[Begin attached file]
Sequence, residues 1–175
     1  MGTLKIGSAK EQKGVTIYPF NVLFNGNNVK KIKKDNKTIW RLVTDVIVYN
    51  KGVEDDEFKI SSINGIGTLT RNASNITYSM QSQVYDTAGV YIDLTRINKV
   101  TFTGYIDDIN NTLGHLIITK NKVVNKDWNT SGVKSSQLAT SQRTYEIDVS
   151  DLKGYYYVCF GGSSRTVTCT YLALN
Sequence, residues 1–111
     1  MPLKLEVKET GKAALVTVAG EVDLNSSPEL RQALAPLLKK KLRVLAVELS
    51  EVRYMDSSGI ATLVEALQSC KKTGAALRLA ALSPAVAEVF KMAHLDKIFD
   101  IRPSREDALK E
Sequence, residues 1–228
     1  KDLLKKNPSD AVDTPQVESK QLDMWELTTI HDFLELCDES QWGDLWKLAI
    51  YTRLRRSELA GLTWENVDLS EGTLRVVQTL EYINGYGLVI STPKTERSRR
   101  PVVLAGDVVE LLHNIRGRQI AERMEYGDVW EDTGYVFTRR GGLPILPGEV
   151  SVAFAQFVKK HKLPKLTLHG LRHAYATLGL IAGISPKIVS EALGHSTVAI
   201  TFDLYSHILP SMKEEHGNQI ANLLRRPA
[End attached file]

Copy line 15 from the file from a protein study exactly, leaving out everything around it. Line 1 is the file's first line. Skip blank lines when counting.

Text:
   201  TFDLYSHILP SMKEEHGNQI ANLLRRPA